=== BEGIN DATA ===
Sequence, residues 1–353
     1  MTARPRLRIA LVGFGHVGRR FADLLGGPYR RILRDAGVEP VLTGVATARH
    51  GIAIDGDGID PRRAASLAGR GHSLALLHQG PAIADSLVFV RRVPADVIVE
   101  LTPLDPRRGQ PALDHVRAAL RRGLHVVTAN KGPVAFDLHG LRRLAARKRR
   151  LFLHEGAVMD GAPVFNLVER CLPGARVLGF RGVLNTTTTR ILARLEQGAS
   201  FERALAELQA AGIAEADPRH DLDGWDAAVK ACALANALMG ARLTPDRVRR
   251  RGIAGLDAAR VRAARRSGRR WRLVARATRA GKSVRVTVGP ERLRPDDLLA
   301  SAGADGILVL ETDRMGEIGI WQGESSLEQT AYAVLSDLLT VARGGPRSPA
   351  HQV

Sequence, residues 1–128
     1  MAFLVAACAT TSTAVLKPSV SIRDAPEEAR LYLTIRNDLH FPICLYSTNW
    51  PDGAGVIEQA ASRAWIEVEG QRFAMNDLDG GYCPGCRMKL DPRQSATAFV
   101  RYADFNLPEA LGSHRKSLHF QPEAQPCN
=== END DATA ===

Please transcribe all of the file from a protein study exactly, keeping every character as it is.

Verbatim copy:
Sequence, residues 1–353
     1  MTARPRLRIA LVGFGHVGRR FADLLGGPYR RILRDAGVEP VLTGVATARH
    51  GIAIDGDGID PRRAASLAGR GHSLALLHQG PAIADSLVFV RRVPADVIVE
   101  LTPLDPRRGQ PALDHVRAAL RRGLHVVTAN KGPVAFDLHG LRRLAARKRR
   151  LFLHEGAVMD GAPVFNLVER CLPGARVLGF RGVLNTTTTR ILARLEQGAS
   201  FERALAELQA AGIAEADPRH DLDGWDAAVK ACALANALMG ARLTPDRVRR
   251  RGIAGLDAAR VRAARRSGRR WRLVARATRA GKSVRVTVGP ERLRPDDLLA
   301  SAGADGILVL ETDRMGEIGI WQGESSLEQT AYAVLSDLLT VARGGPRSPA
   351  HQV

Sequence, residues 1–128
     1  MAFLVAACAT TSTAVLKPSV SIRDAPEEAR LYLTIRNDLH FPICLYSTNW
    51  PDGAGVIEQA ASRAWIEVEG QRFAMNDLDG GYCPGCRMKL DPRQSATAFV
   101  RYADFNLPEA LGSHRKSLHF QPEAQPCN